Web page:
SecAF discusses force structure, 35 FW contributions during Misawa visit
by Airman 1st Class Kia Atkins
35th Fighter Wing Public Affairs
4/26/2012 - MISAWA AIR BASE, Japan (AFNS) -- Secretary of the Air Force Michael Donley met with Airmen and toured several 35th Fighter Wing units April 23 during a trip to Misawa Air Base.
During his visit, Donley held an Airman's Call where topics of discussion included the 35th FW's contributions to Misawa, the new Department of Defense strategic guidance, and Air Force force structure.
Speaking to audience members, the secretary applauded Misawa Air Base's response to a March 2011 earthquake in Japan and subsequent tsunami.
"After the disaster that struck Japan on March 11, 2011, the world saw Misawa's personnel and other U.S. forces in the Asia-Pacific region show their tremendous skills and professionalism, as well as personal compassion for those affected by this terrible event," he said.
Misawa Air Base's disaster relief and recovery efforts during Operation Tomodachi showcased the wing's ability to respond to natural disasters and helped strengthen bilateral relations, said Donley.
"You helped your neighbors on your own time, when you weren't performing military missions," he said. "'Misawa Helps' made an enormous impact on the lives of the Japanese people."
Donley went on to comment that Misawa's response to the disaster was all the more remarkable considering the wing's high operations tempo.
"You've only had one full month that both flying squadrons and their maintenance units have been on station together," he said.
The 13th and 14th Fighter Squadrons and their maintenance units have supported real-world situations in Korea, Operation New Dawn in Iraq and Operation Noble Eagle in Alaska. In addition, the 35th Fighter Wing participated in joint exercises that helped strengthen the U.S. presence in the Pacific, such as Commando Sling and Cope North.
Donley also discussed the DoD's new strategic guidance released in January, which reflects a continued U.S. focus on the Asia-Pacific region.
These are challenging times and we live in an extremely complex security environment, he explained. Operations in Afghanistan continue and the military is still fighting against Al Qaeda and its affiliates. There are also various other threats such as nuclear proliferation, failed states and cyber terrorism, to name just a few.
"We're also living in a state of great financial volatility," said Donley.
In mid-February, President Obama sent Congress the fiscal year 2013 budget proposal. For the Air Force, the secretary said this budget request represents a culmination of many hard choices to align the FY13 budget submission with the new DoD strategic guidance, and with the cuts required by the Budget Control Act over the next 10 years.
"Finding the proper balance between force structure, readiness and modernization has been our guiding principal in this effort," said Donley. "In short, we determined that the best course of action for our Air Force is to trade size for quality. We will become a smaller Air Force in order to protect a high quality and ready force."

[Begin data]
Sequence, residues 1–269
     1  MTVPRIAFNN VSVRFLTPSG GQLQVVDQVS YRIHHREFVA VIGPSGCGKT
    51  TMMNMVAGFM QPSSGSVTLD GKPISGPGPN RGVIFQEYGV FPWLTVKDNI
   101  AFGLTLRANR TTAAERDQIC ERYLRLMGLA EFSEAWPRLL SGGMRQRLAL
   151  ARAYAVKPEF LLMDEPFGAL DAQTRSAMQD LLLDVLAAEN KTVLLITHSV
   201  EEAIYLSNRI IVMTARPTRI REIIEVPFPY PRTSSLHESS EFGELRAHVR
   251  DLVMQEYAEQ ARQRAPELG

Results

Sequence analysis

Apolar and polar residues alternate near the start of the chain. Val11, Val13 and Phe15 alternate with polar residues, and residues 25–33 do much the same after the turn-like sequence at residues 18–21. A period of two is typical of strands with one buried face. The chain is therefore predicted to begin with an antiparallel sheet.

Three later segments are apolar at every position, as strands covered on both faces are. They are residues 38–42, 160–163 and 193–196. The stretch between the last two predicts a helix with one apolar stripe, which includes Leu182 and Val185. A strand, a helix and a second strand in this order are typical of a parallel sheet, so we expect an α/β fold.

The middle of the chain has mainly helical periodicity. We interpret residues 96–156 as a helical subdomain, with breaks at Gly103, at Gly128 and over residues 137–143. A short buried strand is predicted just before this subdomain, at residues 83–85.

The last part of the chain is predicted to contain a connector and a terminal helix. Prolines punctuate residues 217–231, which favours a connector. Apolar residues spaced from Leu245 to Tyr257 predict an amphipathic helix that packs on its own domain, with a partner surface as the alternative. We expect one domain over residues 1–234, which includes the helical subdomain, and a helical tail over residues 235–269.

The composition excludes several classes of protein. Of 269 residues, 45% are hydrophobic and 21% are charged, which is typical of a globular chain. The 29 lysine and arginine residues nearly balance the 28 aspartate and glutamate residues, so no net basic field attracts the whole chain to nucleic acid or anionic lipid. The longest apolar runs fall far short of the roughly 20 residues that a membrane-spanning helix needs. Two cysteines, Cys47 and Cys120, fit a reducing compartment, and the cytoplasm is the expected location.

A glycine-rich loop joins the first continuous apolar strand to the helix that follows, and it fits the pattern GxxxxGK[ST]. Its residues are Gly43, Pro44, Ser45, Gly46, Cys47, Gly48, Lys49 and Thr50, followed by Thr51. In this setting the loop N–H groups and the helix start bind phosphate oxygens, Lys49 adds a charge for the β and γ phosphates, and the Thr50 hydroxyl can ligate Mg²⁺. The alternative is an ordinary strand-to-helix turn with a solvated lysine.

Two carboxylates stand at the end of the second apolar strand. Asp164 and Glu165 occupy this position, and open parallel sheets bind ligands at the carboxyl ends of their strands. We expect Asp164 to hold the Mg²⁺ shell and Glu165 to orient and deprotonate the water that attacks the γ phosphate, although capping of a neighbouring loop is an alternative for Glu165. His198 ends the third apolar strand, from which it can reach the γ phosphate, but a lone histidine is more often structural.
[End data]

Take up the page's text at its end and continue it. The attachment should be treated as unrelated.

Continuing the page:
Proposed force structure changes include the reduction of more than 250 aircraft over future years, as well as the reduction of about 9,900 Air Force military personnel across the total force, which includes active duty, Guard and Reserve.
The Air Force will also be terminating and restructuring some major programs to protect key priorities.
This will mean that the work force and installations will look and operate a little differently, Donley explained. For example, the Air Force headquarters and major commands will reduce overhead costs and redundant layering.
According to the secretary, the DoD's military personnel costs have doubled since 2001, while U.S. military end-strength has increased only eight percent. To combat rising personnel cost and the rising cost of medical care, the FY13 budget has proposed some increases in Tricare premiums for working-age retirees - premiums that have not changed since the 1990's.
Backed by DoD leaders, the President's budget also proposes a commission to examine the potential for future changes in the military retirement system, but any future changes would not affect those serving today, said Donley.
According to the secretary, evolving strategic environments and national budget constraints are factors that will continue to test the Air Force for years to come.
"Whatever the future may bring, we are sure that all members of our Total Force are up to the challenge," said Donley. "Our Air Force and our country need you to be great at what you do every single day. You deserve to be proud of your important work here at Misawa and we are certainly proud of you. It is an honor to serve with you in the world's finest Air Force."
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